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"No Man's Sky, Post-Scarcity, & Future Societies" Topic


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293 hits since 2 Jan 2020
©1994-2020 Bill Armintrout
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Tango01 Supporting Member of TMP02 Jan 2020 9:01 p.m. PST

" Among the oldest feats of civilisation, and indeed of Human society in general, is the construction of cities. From the stone and wood of the ancient world, to the sprawling glass and steel of today, cities have always been at the heart of a civilisation's economic and political power, a nexus of wealth and culture. There are exceptions of course; the nomadic hordes of Genghis Khan for one, and many nomadic tribes of Africa. As a rule though it has been the city building cultures that lasted longest, and grew the largest.

There is a solid reason for this to be the case. With people gathered into larger communities it is increasingly easy to support people who are not directly engaged in the production of food and other basic necessities. These people, freed from the daily struggle for survival are freed to work on other things, such as developing better building techniques, better tools, or new medicines. There are also economic advantages to cities as hubs of commerce, and advantages of security that high walls and a large force of arms can provide. Beyond these concrete benefits are those of culture and of art, accelerated and fertilised by the proximity of thinkers who can afford to think instead of working in the fields…"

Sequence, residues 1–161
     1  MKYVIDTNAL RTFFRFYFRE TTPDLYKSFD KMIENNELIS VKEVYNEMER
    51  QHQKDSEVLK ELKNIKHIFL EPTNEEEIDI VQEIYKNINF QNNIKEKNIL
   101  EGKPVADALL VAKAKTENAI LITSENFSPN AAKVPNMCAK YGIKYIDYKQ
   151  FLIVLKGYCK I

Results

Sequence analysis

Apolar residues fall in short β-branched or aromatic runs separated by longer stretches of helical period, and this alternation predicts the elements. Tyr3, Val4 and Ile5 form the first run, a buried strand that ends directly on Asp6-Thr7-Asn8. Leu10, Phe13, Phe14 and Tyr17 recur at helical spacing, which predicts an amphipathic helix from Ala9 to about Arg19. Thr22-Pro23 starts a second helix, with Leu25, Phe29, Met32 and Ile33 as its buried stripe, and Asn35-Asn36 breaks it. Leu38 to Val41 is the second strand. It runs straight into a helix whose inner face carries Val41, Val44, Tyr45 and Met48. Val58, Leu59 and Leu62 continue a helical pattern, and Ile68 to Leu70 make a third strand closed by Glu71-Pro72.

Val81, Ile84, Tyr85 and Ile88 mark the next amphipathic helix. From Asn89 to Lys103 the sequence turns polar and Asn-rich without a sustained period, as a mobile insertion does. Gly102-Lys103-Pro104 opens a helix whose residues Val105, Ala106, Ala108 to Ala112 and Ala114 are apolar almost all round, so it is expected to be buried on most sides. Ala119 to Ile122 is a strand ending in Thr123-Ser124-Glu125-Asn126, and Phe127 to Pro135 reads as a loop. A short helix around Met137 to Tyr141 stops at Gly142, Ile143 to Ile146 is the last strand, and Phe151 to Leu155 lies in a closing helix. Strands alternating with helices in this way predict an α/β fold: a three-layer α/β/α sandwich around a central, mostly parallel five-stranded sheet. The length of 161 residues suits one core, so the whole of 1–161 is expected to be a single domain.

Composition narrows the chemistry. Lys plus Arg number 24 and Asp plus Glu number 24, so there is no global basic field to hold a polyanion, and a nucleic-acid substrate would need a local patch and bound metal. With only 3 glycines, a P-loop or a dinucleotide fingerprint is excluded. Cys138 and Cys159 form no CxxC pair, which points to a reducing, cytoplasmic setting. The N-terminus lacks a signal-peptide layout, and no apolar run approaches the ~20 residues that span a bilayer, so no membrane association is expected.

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There is a solid reason for this to be the case. With people gathered into larger communities it is increasingly easy to support people who are not directly engaged in the production of food and other basic necessities. These people, freed from the daily struggle for survival are freed to work on other things, such as developing better building techniques, better tools, or new medicines. There are also economic advantages to cities as hubs of commerce, and advantages of security that high walls and a large force of arms can provide. Beyond these concrete benefits are those of culture and of art, accelerated and fertilised by the proximity of thinkers who can afford to think instead of working in the fields.

Amicalement
Armand

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